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Friday, March 30, 2007

Another answer. The New York Court of Appeals has answered another question certified to it by the Second Circuit. The question was whether statements made by an employer on an NASD employee termination notice are subject to an absolute or qualifed privilege in a defamation action. The Court determined that such statements are subject to an absolute privilege.

The Court of Appeals' decision in Rosenberg v. Metlife, Inc. can be found here.

Thursday, March 29, 2007

National Origin. The Second Circuit held that a District Court's consideration of a criminal defendant's national origin in sentencing renders the sentence invalid.

The decision in United States v. Kaba can be found here.

Fees. How can I not report on a case about attorneys' fees. Binder & Binder were paid attorneys' fees when it prevailed on behalf of an individual who had been owed benefits by the Social Security Administration. The client objected to the payments by the Social Security Administration (and why would she do that, I wonder) because she claimed her debt to the firm had been discharged in bankruptcy. The SSA demanded that the fees be returned. Binder & Binder commenced a declaratory judgment action, seeking a judgment stating that they were entitled to the fees.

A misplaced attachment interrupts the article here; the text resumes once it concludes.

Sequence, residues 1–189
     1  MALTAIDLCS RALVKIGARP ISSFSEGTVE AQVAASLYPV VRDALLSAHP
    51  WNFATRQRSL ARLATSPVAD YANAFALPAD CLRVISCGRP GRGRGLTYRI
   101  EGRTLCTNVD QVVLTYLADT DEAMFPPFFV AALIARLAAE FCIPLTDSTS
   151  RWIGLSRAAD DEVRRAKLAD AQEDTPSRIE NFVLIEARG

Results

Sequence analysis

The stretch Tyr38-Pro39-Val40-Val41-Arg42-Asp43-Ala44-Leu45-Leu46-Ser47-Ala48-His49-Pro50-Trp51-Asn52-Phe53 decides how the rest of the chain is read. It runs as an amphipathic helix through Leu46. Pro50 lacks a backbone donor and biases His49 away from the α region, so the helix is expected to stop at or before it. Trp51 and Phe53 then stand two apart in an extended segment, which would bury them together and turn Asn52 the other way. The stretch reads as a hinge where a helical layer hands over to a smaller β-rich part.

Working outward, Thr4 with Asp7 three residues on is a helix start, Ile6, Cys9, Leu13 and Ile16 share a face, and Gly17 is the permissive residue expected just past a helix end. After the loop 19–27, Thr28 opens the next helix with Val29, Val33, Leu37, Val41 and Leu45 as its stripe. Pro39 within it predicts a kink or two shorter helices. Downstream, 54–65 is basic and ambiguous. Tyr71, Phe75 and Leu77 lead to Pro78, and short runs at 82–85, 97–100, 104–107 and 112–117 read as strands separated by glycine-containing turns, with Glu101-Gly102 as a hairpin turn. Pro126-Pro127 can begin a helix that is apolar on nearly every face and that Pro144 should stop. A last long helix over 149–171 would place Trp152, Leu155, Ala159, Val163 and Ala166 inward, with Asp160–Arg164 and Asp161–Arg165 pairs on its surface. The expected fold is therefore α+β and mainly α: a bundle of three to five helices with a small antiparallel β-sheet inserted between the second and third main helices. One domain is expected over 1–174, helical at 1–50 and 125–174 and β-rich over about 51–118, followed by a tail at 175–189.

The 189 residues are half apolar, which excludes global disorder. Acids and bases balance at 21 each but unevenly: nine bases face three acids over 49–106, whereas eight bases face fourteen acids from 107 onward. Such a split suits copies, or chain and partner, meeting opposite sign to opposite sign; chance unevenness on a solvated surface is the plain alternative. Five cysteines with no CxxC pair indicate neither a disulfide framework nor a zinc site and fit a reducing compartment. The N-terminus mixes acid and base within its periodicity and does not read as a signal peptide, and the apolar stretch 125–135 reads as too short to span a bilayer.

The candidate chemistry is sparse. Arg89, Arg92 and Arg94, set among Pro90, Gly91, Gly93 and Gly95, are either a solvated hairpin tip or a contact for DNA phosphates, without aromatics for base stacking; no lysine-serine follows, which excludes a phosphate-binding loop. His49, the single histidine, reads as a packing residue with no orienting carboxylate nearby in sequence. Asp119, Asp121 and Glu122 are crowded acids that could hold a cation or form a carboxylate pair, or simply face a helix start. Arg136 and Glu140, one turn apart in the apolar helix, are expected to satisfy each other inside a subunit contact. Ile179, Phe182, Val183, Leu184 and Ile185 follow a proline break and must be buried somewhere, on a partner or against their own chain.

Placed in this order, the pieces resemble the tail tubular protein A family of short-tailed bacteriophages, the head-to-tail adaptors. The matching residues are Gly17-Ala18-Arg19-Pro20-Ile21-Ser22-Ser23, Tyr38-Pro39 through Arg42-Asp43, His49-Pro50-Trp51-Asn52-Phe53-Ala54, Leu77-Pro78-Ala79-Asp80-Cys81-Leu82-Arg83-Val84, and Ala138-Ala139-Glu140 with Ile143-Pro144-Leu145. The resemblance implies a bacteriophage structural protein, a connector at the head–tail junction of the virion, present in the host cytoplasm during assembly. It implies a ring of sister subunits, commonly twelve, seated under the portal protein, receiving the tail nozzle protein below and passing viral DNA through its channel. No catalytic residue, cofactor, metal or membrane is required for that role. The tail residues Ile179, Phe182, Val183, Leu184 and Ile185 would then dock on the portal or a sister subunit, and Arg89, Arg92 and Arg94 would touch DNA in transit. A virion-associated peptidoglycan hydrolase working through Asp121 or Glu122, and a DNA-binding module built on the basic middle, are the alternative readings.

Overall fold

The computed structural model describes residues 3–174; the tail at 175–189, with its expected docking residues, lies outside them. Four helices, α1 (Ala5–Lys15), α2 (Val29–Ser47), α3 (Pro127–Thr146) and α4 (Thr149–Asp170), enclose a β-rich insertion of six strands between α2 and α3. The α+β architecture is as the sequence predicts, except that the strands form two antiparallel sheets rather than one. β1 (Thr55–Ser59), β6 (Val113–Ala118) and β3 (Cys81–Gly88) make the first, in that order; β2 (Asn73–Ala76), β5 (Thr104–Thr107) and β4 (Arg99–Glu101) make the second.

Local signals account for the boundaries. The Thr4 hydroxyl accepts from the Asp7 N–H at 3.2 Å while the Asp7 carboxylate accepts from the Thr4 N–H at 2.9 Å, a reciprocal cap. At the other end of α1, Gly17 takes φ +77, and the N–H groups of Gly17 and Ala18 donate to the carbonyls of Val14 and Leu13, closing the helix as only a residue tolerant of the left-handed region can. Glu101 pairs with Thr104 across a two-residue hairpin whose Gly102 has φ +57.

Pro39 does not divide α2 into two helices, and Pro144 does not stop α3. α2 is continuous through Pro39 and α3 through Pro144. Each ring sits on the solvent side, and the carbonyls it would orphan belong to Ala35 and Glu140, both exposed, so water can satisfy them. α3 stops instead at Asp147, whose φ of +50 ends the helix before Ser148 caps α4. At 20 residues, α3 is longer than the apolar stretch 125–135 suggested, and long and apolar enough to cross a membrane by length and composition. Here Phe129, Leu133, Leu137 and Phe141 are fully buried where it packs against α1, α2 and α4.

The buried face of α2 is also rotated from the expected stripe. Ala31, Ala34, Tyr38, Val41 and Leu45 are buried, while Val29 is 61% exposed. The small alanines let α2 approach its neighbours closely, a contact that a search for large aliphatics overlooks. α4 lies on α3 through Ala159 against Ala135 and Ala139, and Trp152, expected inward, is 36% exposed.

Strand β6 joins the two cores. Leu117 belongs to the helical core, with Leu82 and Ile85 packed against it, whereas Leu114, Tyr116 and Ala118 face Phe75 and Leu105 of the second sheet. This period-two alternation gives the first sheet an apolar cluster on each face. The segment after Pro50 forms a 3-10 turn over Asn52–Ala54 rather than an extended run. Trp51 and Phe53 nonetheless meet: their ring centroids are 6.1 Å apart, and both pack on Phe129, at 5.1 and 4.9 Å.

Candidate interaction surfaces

The SSA moved for summary judgment and prevailed. Binder & Binder appealed. The Second Circuit remanded the case to the District Court for a determination of whether the Court had subject matter jurisdiction. The District Court found that it lacked jurisdiction because Binder & Binder's claim did not arise from the Social Security Act. The Second Circuit held that there was jurisdiction, that the SSA lacked the authority to demand back the payment made to Binder & Binder and vacated the judgment of the District Court and remanded.